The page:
Cellist Anthony Elliott

Review: CMI 14-15 Concert 2 | Chamber Music International | Moody Performance Hall

A Glimpse of the Future

Chamber Music International's second concert of the season shows young contest winners who it's done.

published Thursday, October 16, 2014

Violist Che-Yen Chen

DallasChamber Music International sponsors some initiatives unique in the Metroplex. One of these is the CMI Young Artists Solo Competition, to be expanded in 2015 into a Solo and Chamber Music Competition for high-school-aged musicians. This year’s winners performed Friday evening in a pre-concert recital. Samantha Choo of Jasper, Texas, played the first movement of Wieniawski’s Violin Concerto No. 2 in D Minor, while Brian Zhao of Plano performed the first movement of Dvořák’s Cello Concerto in B Minor. Both musicians availed themselves admirably. Samantha demonstrated a big, confident sound and a sweet tone, while Brian exhibited unusual sensitivity and solid technique. These young musicians were a pleasure to hear, and have the potential to mature into fine, professional-caliber players in the coming years.

If they stayed to hear the remainder of the program, they might have gotten a glimpse of what the future holds for them. Chamber music, in many respects, represents the pinnacle of musical performance: musicians must both have superlative individual technique, but also come together to perform collaboratively, often with unfamiliar musicians.

Sometimes, as with Friday’s performance of Brahms’s String Quintet No. 2 in G Major Op. 111, this collaboration of fine musicians produces something truly magnificent. Brahms wrote this quintet very late in his career, after a frustrating failed attempt to write a fifth symphony, and it took so much out of him that he told his publisher that this was to be the last piece he composed. Fortunately, that was not quite the case. But this great quintet in some respects represents the apotheosis of Brahms’s career, and it requires musicians worthy of it.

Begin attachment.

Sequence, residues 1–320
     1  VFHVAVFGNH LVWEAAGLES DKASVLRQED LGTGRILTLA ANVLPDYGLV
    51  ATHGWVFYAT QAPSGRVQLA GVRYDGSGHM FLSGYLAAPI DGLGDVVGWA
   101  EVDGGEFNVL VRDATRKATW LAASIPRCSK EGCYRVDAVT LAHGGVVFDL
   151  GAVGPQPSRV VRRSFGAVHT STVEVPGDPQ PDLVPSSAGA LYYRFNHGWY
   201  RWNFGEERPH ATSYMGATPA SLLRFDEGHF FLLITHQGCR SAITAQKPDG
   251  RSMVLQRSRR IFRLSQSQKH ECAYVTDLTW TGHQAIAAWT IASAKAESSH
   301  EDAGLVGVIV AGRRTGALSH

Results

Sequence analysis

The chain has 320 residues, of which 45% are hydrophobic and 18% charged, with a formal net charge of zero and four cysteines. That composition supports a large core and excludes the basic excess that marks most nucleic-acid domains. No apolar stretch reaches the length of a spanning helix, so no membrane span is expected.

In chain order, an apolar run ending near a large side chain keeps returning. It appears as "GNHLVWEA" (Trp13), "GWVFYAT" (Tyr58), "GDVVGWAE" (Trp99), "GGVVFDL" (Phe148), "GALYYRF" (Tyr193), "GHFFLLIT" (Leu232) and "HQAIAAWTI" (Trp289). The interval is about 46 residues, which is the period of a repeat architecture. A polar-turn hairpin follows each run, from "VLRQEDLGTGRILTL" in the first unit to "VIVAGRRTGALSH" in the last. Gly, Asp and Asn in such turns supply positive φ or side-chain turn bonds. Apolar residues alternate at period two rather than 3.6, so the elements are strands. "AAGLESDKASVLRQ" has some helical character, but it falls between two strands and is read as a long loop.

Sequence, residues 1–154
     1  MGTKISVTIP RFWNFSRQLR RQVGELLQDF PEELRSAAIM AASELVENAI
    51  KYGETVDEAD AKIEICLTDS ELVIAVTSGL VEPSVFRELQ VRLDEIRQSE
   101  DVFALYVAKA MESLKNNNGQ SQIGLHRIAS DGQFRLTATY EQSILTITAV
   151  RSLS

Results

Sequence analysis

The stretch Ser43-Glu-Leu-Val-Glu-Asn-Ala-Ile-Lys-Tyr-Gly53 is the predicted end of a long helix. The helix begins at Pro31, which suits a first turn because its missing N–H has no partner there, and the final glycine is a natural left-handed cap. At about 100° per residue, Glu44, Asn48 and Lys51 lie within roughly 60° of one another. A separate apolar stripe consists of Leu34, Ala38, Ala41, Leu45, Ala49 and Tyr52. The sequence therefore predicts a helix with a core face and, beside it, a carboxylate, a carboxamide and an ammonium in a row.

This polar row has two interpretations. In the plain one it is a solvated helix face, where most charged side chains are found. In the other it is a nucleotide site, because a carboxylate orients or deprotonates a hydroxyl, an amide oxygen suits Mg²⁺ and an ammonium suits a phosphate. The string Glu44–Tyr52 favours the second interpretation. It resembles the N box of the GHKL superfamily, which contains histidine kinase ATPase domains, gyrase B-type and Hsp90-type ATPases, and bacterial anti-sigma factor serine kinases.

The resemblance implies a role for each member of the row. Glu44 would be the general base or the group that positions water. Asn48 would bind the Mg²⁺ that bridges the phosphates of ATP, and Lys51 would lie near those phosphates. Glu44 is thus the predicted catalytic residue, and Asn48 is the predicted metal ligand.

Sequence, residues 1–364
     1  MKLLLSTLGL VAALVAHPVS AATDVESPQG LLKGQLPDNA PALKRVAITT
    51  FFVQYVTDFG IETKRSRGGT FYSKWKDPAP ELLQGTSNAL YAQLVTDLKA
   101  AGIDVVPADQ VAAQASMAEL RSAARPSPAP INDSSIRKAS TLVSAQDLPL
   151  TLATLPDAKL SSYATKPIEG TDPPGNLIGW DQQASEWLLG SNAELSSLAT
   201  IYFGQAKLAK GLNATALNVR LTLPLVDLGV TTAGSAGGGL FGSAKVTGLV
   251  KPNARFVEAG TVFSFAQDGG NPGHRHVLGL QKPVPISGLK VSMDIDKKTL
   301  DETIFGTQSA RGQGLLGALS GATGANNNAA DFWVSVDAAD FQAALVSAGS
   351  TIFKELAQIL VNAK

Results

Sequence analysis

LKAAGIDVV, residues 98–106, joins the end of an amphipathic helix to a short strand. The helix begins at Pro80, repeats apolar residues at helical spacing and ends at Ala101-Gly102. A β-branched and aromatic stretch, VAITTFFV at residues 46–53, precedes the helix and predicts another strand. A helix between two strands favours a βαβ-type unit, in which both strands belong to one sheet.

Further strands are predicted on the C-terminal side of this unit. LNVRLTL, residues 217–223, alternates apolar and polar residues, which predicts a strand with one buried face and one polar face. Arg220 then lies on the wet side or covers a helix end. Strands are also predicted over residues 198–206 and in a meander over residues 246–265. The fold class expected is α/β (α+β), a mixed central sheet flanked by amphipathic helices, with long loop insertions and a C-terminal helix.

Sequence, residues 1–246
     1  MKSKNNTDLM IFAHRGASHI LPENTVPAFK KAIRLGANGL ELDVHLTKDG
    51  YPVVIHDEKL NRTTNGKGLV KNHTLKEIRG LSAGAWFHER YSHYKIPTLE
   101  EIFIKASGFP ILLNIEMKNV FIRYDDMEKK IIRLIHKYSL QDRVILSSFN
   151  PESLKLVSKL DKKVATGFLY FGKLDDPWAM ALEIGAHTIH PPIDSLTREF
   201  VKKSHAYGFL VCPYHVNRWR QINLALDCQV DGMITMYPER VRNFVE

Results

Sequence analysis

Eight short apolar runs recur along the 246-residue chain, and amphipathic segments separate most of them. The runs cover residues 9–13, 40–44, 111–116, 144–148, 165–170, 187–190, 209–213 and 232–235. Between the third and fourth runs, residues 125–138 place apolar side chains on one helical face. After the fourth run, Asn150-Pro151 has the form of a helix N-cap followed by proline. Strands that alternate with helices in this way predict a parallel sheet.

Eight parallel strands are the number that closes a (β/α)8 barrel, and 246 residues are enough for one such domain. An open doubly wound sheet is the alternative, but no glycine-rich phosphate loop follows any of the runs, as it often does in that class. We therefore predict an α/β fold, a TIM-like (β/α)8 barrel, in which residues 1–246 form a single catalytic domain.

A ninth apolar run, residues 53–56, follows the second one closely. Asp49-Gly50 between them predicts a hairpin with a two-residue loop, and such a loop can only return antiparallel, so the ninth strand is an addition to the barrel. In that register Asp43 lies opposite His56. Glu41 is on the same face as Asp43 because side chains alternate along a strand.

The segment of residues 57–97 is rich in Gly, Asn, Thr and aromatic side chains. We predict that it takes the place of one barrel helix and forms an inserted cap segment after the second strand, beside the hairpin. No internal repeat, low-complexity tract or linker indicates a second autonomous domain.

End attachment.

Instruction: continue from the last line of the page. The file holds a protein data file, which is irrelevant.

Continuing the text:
Luckily, Chamber Music International supplied us with musicians who were worthy, indeed. Cellist Anthony Elliott set the standard from the beginning in the well-known cello solo that opens the first movement. His playing overall was marked by sensitivity, nuance, and musicality. Balance was a bit off, though: although all five players have parts marked “forte,” there could have been a bit more sense of foreground and background. Still, this is a minor quibble in an excellent performance. Brahms’s addition of a second viola to the usual string quartet instrumentation allowed violists Che-Yen Chen and Susan Dubois to create a rich, robust viola sound, and when the two alto instruments shared the spotlight, the results were breathtaking. The group shaped phrases beautifully—each phrase ended with a sort of musical parenthesis, rather than being chopped off as is too often the case with less capable musicians. The musicians were attentive and engaged with each other, resulting in fine ensemble work—this is often the downfall of chamber music performed by musicians who do not work together regularly, so it was particularly pleasing to see here.

The Mozart Divertimento in D Major fared rather less well. It featured violinists Nai-Yuan Hu and Felix Olschofka and violist Che-Yen Chen, all of whom also performed the Brahms Quintet, as well as Jeffrey Bradetich on double bass and William Scharnberg and Michael Morrow on horn. Ensemble and individual playing here was a good bit less polished than in the Brahms. Bradetich performed ably, but both horn players and first violinist Hu had a few too many errors early on. In his defense, though, Hu had by far the most difficult, exposed part in the Mozart, and likewise had a demanding part in the Brahms. By the last of the seven movements, the group had settled in. They took the final Rondo at a breakneck tempo, but were technically much more solid than at the beginning of the piece. Thanks For Reading

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A Glimpse of the Future
Chamber Music International's second concert of the season shows young contest winners who it's done.
by J. Robin Coffelt

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